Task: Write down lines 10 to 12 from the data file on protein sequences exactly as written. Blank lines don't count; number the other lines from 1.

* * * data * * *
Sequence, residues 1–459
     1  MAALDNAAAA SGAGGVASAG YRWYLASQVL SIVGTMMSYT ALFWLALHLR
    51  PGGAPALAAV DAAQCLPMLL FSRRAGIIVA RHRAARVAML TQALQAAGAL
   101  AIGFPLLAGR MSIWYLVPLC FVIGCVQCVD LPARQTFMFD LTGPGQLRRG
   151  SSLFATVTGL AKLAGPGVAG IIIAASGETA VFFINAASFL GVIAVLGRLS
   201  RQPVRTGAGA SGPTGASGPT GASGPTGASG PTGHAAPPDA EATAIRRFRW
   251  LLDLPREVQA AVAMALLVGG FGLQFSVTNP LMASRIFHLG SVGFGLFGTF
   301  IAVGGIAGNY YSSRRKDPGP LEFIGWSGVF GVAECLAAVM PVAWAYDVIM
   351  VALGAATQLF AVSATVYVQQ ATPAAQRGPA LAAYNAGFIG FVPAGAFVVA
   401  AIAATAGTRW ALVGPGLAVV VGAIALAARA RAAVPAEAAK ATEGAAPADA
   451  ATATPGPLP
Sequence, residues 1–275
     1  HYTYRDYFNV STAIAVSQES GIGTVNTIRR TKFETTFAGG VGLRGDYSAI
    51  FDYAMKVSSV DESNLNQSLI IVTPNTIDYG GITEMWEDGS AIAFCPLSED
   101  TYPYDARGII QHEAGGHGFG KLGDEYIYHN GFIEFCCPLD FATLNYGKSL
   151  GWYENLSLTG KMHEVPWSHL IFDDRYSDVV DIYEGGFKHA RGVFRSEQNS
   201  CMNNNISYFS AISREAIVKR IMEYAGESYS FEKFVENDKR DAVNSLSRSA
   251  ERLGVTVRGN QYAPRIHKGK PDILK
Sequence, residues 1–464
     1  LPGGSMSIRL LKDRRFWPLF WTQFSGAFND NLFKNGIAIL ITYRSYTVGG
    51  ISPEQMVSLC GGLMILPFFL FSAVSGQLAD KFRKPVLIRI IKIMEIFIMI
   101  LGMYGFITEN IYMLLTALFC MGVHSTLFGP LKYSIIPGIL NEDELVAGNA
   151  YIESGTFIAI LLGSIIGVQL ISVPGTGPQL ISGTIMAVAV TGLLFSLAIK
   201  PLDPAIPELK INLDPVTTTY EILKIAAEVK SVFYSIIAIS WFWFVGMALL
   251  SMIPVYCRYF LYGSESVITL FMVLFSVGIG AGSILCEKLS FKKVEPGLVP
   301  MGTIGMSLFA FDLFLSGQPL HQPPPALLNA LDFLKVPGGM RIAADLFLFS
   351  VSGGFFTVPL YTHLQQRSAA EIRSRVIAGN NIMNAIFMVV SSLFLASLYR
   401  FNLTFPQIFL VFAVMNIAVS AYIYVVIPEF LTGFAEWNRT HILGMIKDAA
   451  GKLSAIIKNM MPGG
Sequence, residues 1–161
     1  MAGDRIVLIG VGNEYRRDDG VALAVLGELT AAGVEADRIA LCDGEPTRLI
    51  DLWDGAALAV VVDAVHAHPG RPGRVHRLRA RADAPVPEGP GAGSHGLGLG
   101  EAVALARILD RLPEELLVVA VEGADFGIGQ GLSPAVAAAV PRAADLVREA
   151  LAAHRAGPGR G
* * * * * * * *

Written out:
   401  AIAATAGTRW ALVGPGLAVV VGAIALAARA RAAVPAEAAK ATEGAAPADA
   451  ATATPGPLP
Sequence, residues 1–275